Jean Dujardin and Bérénice Bejo in "The Artist"

"The Artist": Silent, black-and-white and totally irresistible

A star you've never heard of in a fake 1920s movie -- can this really be Oscar bait? See it and find out


Andrew O'Hehir
November 25, 2011 6:00AM (UTC)

When French director Michel Hazanavicius' new film "The Artist" premiered last spring at Cannes, Harvey Weinstein snatched up the United States rights and a handful of prognosticators pronounced it an Oscar candidate. That sounded far-fetched at the time, and maybe still does. But save your derision until after you see the movie, a project so idiosyncratic, so unlikely, so simultaneously innocent and sophisticated that it could only have been devised by the French. Furthermore, "The Artist" is also an outrageous and nearly impossible amount of fun, which is not a concept Americans much associate with French films -- and that's the factor that may put the movie and its lantern-jawed, meta-handsome leading man, Jean Dujardin, in this winter's awards race.

Unless you’re a fan of the alternate film universe that is French comedy, and specifically the recent “OSS 117″ spy spoofs, you’ve never heard of either Hazanavicius or Dujardin. But the qualities that would seem to make their movie supremely unmarketable are also its strengths. "The Artist" is in black-and-white. It’s not merely a silent film -- well, at the risk of issuing a spoiler, let's say it's almost a silent film -- but one that both imitates and spoofs the Silent Age dramas of the late 1920s, movies that hardly any living people have actually sat through. That’s at least three strikes against the film, possibly four or five -- but ever since that Cannes premiere, audiences at festivals around the world have responded to "The Artist" rapturously and uproariously. Not everyone will like it that much, undoubtedly, but if you do, it's the kind of movie you'll tell all your friends about, and drag them back to see if they seem reluctant.

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“The Artist” of the title is a huge silent-era star named George Valentin, played indomitably by 39-year-old Dujardin, sailing into the winds and tides of 1920s Hollywood with his ship’s figurehead of a face. In Hazanavicius' giddily postmodern "OSS 117" movies, Dujardin plays Hubert Bonisseur de la Bath, the chauvinistic, xenophobic and generally clueless 1960s superspy who's like the Gallic bad conscience of James Bond (and seems to have unresolved and unconscious sexual-identity issues to boot). An irresistible presence both on-screen and in person -- he had the Cannes press corps eating out of his hand -- Dujardin has jokingly described himself as the poor man’s Sean Connery, which is funny but not entirely fair. He's more like the Monty Python version of Connery, or Connery cranked to 11. Dujardin doesn't speak much English, which may be the only thing that's kept Hollywood scouts away from him so far. After this performance I'm pretty sure that any agent in the business would happily spring for any combination of Berlitz and Rosetta Stone in which he'd care to partake.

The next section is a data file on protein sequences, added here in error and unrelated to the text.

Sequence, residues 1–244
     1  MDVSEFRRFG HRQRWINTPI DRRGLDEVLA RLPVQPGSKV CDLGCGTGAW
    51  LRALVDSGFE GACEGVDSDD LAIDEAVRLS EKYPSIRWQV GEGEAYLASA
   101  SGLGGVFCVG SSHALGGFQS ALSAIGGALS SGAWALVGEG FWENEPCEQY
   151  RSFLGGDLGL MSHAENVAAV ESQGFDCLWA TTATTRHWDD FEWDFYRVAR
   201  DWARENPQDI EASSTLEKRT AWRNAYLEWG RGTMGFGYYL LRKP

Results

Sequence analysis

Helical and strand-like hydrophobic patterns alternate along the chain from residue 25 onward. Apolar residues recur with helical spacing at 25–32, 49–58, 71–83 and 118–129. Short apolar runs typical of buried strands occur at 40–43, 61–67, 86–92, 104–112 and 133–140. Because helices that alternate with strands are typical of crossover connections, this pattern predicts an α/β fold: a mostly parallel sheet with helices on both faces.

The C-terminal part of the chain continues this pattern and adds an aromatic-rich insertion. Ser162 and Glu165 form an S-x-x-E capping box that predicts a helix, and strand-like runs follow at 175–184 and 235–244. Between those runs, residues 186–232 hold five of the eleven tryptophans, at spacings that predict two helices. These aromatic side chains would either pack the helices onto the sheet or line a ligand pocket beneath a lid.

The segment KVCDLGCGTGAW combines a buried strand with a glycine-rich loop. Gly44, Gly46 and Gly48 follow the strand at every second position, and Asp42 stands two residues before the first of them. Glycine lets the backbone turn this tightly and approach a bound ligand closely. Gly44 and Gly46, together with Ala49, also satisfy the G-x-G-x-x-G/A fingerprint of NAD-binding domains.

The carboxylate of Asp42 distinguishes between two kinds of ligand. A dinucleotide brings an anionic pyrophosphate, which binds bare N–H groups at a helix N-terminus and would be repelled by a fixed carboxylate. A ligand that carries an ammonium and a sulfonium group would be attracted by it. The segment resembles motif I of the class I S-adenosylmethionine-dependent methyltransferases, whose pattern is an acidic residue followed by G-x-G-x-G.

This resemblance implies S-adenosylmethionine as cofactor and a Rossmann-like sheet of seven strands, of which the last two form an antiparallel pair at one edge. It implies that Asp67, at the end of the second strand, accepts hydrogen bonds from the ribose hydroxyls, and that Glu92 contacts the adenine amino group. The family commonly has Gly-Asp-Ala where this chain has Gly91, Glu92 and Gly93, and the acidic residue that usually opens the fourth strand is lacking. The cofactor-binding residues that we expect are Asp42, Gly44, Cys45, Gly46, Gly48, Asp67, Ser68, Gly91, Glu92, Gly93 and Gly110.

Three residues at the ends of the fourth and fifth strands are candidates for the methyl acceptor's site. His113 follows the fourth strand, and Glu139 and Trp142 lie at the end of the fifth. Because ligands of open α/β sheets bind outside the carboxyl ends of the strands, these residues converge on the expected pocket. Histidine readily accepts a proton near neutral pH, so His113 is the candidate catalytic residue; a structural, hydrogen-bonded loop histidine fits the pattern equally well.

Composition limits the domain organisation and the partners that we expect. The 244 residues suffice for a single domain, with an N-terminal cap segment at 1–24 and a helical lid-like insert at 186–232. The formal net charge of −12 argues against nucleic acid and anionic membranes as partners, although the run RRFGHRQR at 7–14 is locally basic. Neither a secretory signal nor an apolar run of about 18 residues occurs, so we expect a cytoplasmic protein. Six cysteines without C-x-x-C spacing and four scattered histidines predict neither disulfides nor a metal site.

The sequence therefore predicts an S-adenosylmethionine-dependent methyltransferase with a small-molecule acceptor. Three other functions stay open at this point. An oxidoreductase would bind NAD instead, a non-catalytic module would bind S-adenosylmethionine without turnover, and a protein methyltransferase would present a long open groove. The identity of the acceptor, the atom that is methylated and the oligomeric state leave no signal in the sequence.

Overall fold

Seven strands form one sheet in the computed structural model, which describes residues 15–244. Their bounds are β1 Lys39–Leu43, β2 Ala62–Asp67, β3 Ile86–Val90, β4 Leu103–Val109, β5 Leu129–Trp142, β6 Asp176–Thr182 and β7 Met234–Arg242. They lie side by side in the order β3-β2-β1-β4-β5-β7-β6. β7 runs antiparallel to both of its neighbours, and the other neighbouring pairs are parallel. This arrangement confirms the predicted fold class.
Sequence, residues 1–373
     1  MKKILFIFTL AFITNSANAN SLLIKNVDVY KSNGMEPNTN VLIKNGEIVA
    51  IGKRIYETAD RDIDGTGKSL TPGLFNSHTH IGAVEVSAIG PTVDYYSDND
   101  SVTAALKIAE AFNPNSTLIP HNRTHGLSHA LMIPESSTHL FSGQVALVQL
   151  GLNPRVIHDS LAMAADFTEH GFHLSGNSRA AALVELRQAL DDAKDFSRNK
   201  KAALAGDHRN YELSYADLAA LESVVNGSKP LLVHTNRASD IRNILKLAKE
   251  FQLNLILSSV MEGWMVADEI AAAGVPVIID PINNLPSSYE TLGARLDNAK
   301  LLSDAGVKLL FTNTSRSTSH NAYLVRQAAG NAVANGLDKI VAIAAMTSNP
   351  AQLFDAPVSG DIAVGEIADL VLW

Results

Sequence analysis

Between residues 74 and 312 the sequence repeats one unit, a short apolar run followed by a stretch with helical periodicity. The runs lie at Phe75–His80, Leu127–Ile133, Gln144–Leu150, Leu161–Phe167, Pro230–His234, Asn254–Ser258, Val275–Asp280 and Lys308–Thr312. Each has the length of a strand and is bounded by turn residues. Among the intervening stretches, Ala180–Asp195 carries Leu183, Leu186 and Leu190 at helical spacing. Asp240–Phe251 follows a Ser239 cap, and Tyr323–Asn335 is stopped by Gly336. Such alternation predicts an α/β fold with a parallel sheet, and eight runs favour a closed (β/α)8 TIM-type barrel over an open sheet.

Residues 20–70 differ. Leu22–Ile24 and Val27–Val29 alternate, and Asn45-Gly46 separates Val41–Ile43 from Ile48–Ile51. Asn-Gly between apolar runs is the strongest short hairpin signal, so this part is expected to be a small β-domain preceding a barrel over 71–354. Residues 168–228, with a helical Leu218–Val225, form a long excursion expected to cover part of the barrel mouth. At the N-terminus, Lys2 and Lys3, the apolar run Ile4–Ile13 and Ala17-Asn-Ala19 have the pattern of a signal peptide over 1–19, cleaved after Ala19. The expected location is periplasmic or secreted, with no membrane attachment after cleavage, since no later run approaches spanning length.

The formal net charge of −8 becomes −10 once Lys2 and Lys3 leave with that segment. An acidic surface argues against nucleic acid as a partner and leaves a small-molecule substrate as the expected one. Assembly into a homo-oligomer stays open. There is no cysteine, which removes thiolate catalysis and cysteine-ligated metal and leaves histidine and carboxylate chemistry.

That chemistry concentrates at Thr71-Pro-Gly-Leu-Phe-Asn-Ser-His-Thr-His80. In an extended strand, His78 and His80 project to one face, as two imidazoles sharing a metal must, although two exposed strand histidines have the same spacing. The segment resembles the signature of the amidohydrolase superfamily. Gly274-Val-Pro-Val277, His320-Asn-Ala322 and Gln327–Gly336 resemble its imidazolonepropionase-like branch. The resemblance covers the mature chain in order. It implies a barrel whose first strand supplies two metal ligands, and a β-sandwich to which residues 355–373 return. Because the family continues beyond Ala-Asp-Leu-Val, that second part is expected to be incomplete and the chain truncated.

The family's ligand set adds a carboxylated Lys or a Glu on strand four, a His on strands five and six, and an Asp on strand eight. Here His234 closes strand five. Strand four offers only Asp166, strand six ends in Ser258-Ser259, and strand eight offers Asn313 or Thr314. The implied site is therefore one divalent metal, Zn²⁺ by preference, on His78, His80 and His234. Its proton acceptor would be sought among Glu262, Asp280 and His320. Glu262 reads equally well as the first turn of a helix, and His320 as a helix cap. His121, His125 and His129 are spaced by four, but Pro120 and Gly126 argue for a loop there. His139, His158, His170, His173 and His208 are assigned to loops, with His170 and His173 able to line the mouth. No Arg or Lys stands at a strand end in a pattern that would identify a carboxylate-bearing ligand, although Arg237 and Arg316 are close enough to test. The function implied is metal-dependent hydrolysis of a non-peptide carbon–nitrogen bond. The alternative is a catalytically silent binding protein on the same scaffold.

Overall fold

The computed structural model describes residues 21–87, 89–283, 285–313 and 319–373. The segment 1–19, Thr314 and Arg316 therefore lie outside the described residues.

With his jutting jaw, sleek hair and pencil-thin mustache, Dujardin’s George comes uncannily close to Douglas Fairbanks, and like him dominates the silver screen as a series of dashing adventurers in nearly identical international espionage scenarios, which Hazanavicius recaptures in delicious and affectionate detail. George has a beautiful wife, an enormous house in the Hollywood hills, and a loyal dog who co-stars in his films (and who will provide any number of "awww" moments later on). He has a minor flirtation with an up-and-coming flapper-flavored extra named Peppy Miller (the irresistible Bérénice Bejo). In giving Peppy her first break, he never foresees that she will soon surpass him. George’s studio is overseen by an avaricious exec played by John Goodman (who would have been huge in the silent era, based on this evidence), who has to break the grim technological news: The talkies are coming in, and George is yesterday’s copy of Photoplay.

True to his naive and optimistic nature, George believes that the public loves him and that talking pictures are a shallow fad. Sic transit gloria mundi, bub. “The Artist” is perhaps less deliriously enjoyable after it switches from its early romantic-comedy mode to the ensuing Theodore Dreiser-style melodrama of George’s fall into alcoholism, bankruptcy and disaster. (While Peppy, of course, becomes America's borderline-insipid sweetheart.) But that too is very much in the spirit of the movies it emulates, which packed two or three genres into a single picture. Hazanavicius loads the picture with laughs, charm and surprises, along with glorious Los Angeles locations. I've got three words for you: Tap-dancing numbers. I said tap-dancing numbers! (Or is that really just two words?) "The Artist" finishes with a terrific bang, and positively bursts with affection for an era of American cinema and culture that Americans have all but forgotten. (Hazanavicius could have used an actual American on set during the shoot: Some of the English intertitles and supporting materials -- magazine and newspaper articles -- are either unconvincing or flat-out wrong.) In the long and fraught history of Franco-American cultural relations, this movie is more than a peace offering; it’s a loving, goofy, joyous French kiss.

"The Artist" opens this week in major cities, with wider release to follow.


Andrew O'Hehir

Andrew O'Hehir is executive editor of Salon.

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